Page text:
• On 18 September 1914, British parliament passed the Government of Ireland Act 1914 (also known as the Home Rule Act) with an amending bill for the partition of Ireland introduced by Ulster Unionist MPs, but its implementation was immediately postponed by the Suspensory Act 1914 due to the outbreak of World War One.
    • To assure the start of Home Rule after the war, most nationalists heeded their IPP leaders' and John Redmond's appeal to serve Britain and the Allied war effort in Irish battalions of the New British Army.
    • Not all Irish Volunteers supported Ireland's participation in the war. Redmond led the faction of the volunteer movement, called the National Volunteers. Eoin MacNeill, who was in charge of the remaining Irish Volunteers, were hostile to the war and insisted that they would keep operating until Home Rule was officially approved.
    • Within this volunteer organisation, a section led by the separatist
      Irish Republican Brotherhood began to plan a rebellion against
      British control in Ireland.

    Easter Rising

    • In 1916, the IRB led an armed uprising against the Crown known as the Easter Rising. On the basis of their inherent right to be a sovereign state, the IRB, led by Patrick Pearse, wanted to declare Irish independence from the United Kingdom and the creation of an Irish Republic. In Dublin, Pearse and his colleagues made public vows of independence before seizing public buildings.
    • A week later, and with roughly 500 casualties, the revolt was put down, but the British reaction – executing the leaders and detaining 3,000 nationalist activists – enraged Irish public opinion.

    Declaration of Independence

    1918 General Election 

    • In April 1918, during WWI, the British government drafted a law (The Military Service no. 2 Act) that would enforce conscription in Ireland. This further alienated Irish nationalists and led to widespread protests during the 1918 Conscription Crisis.
    • Irish people demonstrated their dissatisfaction at British policies in the 1918 general election by electing republican Sinn Féin to 70% (73 seats out of 105) of Irish seats. Sinn Féin committed not to sit in Westminster's British Parliament, but rather to establish an Irish Parliament.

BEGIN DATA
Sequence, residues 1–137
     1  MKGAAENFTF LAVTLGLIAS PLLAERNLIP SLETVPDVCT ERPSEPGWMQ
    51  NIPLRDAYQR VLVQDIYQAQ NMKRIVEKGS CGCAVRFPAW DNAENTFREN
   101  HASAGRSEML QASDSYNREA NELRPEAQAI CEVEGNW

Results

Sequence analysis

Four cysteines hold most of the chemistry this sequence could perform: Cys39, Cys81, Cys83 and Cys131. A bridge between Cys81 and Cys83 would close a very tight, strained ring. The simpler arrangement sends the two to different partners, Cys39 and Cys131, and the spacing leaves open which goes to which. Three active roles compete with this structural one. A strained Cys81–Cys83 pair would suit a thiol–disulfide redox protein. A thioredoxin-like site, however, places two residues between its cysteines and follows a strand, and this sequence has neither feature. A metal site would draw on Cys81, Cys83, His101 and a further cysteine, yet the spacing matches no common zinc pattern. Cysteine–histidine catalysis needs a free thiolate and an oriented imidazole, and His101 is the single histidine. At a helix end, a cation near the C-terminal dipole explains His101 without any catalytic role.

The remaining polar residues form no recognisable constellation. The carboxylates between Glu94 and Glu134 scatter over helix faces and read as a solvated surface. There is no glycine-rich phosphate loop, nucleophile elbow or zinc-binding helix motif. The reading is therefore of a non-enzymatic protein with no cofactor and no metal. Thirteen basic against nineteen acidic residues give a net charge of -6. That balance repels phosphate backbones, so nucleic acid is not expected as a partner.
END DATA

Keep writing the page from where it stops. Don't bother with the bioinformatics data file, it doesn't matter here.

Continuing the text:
• Following their overwhelming victory in the 1918 general election, 26 elected republican Sinn Féin members of parliament convened at the Dublin Mansion House to organise the formation of a revolutionary parliament named Dáil Éireann, Ireland's first self-governing assembly.
    • The Conscription Crisis of 1918 was sparked by an effort by the British government to enforce conscription (military drafting) in Ireland during the First World War in April 1918.
    • A conscription statute was approved, but it was never implemented; no Irishmen were conscripted into the British Army. Both the idea and the subsequent response galvanised support for political groups that promoted Irish secession and shaped events leading up to the Irish War of Independence.
    • Arthur Griffith started Sinn Féin in 1905. Griffith favoured a peaceful settlement based on 'dual monarchy' with the United Kingdom, that is, two independent kingdoms with a single head of state and a restricted central government to regulate only areas of common interest. 
    • In 1918, however, under its new leader, Éamon de Valera, Sinn Féin came to favour gaining independence from Britain by an armed revolt and the foundation of an independent republic.

    Declaration of Irish Republic

    • George Gavan Duffy, Sean T O' Kelly and Piaras Beslai were among the committee members tasked with drafting a temporary constitution for the Dáil and preparing for its public inauguration.
    • The First Dáil Éireann convened in the Mansion House on 21 January 1919. Thousands of people gathered outside, some of whom climbed lampposts to get a closer look. The Round Room and its gallery were packed with visitors, clergy and members of the press.

      Members of the First Dáil
    • The Dáil's provisional constitution was read and overwhelmingly approved, after which the Irish Declaration of Independence was read in Irish and English, ratifying an Irish republic and rejecting British control. The assembly urged the 'Free Nations of the World' to accept their new government, and approved a provisional constitution.

    Outbreak of the War

    • The Dáil's stance was certain to draw a harsh reaction from Britain, but there was disagreement inside the body as to whether or not violence was the appropriate means to attain their aim. Nonetheless, at this time the IRB (Irish Republican Brotherhood) and the Irish Volunteers had already started pushing the country into war.
    • Two men of the Royal Irish Constabulary (RIC) were ambushed and killed at Soloheadbeg, County Tipperary, on the day the Dáil met. This action heralded the beginning of the War of Independence.
    • Seán Treacy, Seán Hogan, Séumas Robinson and Dan Breen took the initiative to plan and execute the Soloheadbeg Ambush. 
    • The Royal Irish Constabulary (RIC), Ireland's national police force, was a frequent target of political campaigns and physical assaults throughout the Irish War of Independence.

    Irish Action

    • Soon after Irish independence was declared, Sinn Féin urged the people of Ireland to shun the RIC as agents of the British government. Many police personnel were socially isolated as a result of the campaign.
    • The Irish Republican Army's (IRA) campaign against the police was in full swing at the beginning of 1919. This resulted in a rise in Royal Irish Constabulary (RIC) resignations and an inadequate police force in broad portions of southern Ireland.
    • In the first phases of their movement, the IRA's primary challenge was a shortage of firearms. There were never quite enough weapons to match the number of eager soldiers. Therefore, prior to contemplating military action, each unit was entrusted with equipping itself.